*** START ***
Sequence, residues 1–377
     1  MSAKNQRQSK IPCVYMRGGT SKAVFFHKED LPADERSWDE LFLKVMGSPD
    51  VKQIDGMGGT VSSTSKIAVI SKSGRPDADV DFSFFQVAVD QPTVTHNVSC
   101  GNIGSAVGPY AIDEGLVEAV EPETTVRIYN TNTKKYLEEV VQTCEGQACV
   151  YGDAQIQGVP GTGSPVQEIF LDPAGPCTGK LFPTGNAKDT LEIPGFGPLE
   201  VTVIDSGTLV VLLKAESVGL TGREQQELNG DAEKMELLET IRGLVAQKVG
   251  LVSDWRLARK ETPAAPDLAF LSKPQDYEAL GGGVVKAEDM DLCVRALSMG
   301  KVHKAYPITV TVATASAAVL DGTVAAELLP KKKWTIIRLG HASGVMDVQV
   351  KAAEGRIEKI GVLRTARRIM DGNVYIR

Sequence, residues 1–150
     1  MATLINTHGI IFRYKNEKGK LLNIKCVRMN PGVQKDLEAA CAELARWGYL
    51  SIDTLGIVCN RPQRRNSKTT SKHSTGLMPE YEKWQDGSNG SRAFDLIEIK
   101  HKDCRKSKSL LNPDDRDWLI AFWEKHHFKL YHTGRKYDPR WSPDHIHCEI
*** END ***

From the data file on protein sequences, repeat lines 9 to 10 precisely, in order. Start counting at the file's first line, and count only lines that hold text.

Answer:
   351  KAAEGRIEKI GVLRTARRIM DGNVYIR

Sequence, residues 1–150